In 1914, Arthur Fitzgerald took to the pages of The New York Times to admit to the world that, yes, fine, he is temperamental.
Fitzgerald, the stage manager for "The Law of the Land" -- "a grisly melodrama" on Broadway with "Julia Dean in the role of the woman who kills her husband" -- at first took issue with that "nom-de-theatre." That is, until a producer explained it, "You are so very particular."
Oh, yes, Fitzgerald agreed, I sure as heck am.
"Our stage machinery works like a perfect clock," he wrote in "Agonies of a Stage Manager," striking a tone that suggests he was not the kind of man who allowed his friends to call him Fitzy, not even at the after party.
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"The curtain rises punctually, the necessary properties are checked and rechecked, and are always in their places. When a telephone bell on stage is to ring 'in the middle of a word,' as we say, the man off stage who pushes the button does it just as carefully and just as seriously as if he were playing his part in full view of the audience."
The role of stage manager, Fitzgerald wanted us to know, requires this type of precision, organization, devotion and attention to detail.
Stage manager Ginger M. James at Arts Center of Coastal Carolina shared a story with me the other day that is considered a classic in the theater world. When the (fake) gun in a (fake) murder scene didn't go off as planned during a show, the actor saved the day by grabbing another prop that happened to be on stage and force-fed his victim "poisoned jam" instead.
It's a fun scene to consider, a man, in an act of desperation, spooning gobs of Smucker's into another man's face while loudly narrating the action to the audience just to catch them up on the punt, all because someone maybe should've, you know, checked the fake gun.
At "Ring of Fire," the Johnny Cash musical now on stage at the Arts Center, it's James' job to make sure that things always go as planned -- and if they don't go as planned, to find out why and fix it.
On Wednesday night, James took her spot in the sound booth exactly 10 minutes before the show was to start, as she has been doing at Arts Center shows for 13 years.
Dressed in all black, with both arms and all fingers outfitted in more bracelets and rings than I have ever seen in one place, she is the type of person who it would not surprise me to find has "put on jewelry" and "remove jewelry" as items on her personal to-do list. That is to say, she would meet Fitzgerald's very high standards were he still around, God bless that finicky man.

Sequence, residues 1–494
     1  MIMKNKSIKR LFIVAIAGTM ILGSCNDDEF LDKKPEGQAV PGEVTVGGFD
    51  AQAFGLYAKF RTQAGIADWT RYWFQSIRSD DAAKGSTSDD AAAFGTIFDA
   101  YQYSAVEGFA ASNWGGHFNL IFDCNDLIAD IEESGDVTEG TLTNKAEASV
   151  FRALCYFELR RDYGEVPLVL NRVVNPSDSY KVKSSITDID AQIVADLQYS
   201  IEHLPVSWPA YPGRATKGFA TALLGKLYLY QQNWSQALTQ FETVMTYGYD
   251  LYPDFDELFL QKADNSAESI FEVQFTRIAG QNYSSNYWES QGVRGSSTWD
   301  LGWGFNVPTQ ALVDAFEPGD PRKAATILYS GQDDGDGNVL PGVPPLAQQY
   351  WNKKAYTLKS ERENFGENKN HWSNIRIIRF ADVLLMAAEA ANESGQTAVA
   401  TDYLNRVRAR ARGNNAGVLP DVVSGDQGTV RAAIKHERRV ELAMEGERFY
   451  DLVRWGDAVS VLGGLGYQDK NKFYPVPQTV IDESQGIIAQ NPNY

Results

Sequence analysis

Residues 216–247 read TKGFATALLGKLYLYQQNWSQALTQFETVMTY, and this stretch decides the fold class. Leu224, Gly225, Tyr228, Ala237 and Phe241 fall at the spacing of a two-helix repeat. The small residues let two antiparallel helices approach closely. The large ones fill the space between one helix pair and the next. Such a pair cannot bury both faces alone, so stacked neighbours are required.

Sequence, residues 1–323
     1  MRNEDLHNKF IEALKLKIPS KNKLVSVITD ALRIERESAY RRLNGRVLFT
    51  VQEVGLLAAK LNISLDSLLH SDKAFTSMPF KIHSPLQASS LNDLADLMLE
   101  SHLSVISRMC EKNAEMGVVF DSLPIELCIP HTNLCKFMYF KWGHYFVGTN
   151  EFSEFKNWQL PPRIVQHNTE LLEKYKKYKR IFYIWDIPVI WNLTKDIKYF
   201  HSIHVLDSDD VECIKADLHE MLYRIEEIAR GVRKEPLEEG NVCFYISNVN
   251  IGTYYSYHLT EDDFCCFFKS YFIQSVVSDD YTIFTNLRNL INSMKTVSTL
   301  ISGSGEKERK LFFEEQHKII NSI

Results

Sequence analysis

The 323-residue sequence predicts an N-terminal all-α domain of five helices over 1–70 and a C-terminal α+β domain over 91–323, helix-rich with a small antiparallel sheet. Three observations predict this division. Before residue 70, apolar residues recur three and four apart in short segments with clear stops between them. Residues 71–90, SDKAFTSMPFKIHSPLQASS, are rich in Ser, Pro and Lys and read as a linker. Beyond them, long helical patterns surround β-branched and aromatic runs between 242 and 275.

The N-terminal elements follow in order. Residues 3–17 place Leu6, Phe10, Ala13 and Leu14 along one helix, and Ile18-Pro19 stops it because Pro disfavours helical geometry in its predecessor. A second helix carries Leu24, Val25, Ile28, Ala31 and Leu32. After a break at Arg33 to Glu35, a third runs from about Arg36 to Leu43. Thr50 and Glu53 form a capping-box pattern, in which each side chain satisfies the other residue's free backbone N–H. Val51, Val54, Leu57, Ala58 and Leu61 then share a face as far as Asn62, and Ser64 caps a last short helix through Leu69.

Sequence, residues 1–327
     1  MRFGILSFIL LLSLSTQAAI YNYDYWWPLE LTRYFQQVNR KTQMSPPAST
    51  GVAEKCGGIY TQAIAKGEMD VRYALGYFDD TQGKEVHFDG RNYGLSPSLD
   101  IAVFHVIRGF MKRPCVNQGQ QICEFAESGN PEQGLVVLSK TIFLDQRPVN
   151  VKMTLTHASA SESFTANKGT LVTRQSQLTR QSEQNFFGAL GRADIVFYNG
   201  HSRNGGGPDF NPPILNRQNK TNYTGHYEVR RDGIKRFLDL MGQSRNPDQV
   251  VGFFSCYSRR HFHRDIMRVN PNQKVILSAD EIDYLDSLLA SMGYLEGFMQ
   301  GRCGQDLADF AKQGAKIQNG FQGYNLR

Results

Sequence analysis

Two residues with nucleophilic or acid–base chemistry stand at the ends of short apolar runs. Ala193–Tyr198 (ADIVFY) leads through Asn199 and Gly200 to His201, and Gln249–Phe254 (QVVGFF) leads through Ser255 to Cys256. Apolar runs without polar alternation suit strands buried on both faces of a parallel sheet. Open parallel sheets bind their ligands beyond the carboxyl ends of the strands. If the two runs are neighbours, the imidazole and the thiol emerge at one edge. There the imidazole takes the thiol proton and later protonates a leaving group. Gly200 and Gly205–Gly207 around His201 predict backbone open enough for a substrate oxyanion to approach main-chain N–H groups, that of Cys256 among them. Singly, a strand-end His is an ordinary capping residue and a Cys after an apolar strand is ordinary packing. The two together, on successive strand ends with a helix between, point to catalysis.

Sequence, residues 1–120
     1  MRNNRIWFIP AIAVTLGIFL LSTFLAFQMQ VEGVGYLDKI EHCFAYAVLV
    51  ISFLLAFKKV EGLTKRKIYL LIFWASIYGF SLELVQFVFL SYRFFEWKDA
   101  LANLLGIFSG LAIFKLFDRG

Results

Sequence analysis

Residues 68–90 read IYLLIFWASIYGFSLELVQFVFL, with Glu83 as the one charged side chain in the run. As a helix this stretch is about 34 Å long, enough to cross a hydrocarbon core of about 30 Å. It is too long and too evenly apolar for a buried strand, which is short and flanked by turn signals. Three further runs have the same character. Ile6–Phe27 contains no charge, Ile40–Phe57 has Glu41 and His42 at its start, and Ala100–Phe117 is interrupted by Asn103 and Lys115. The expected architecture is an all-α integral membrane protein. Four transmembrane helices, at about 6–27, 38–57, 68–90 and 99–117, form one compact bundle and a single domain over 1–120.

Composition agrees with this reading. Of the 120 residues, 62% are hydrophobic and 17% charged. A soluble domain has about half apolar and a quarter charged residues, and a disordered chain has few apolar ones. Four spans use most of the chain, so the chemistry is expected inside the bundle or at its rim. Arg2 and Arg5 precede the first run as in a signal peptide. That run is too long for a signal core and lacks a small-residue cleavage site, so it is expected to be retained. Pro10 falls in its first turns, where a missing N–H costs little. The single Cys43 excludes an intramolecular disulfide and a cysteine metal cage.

A stage manager, she said, is in charge of a production "from the edge of the stage back -- the actors, the show itself, all the lights, all the cues, the state of the props. Generally, I make sure the show that the director put together stays the same throughout."
James took her spot high above the audience and stage and put on her headset (oh how you would've loved the future, Arthur Fitzgerald). In a low, calm voice -- like that of a late-night radio DJ who offers musical salvation to the heartbroken -- she begins to call the show: "Places please. Places please. Places please."
Throughout the night she smoothly calls out cues and commands, one hand turning pages of the very thick book she uses to guide the show -- a satisfying compilation of script, score, drawings, notes and colored tabs that would set any Type A person's heart ablaze. Her other hand takes notes or moves along to the music in subconscious enjoyment or sometimes snaps to punctuate the execution of a call.
Every night she's up there, show after show.
"It's actually fascinating," she said, "because it's not the same show every night. Every actor has a slightly different performance every night."
James, a mom and wife who lives on Hilton Head Island, doesn't usually have time to see shows as an audience member but said she likes having the opportunity to watch the actors grow in their roles.
"Like with 'A Boy Named Sue'?," she said to me. "Those guys really nailed that last night ... they just nailed that number."
Count James among the lucky to have found a career that she loves.
"I don't really know of anything else I would do that I would enjoy," she said. "Air traffic control might be fun."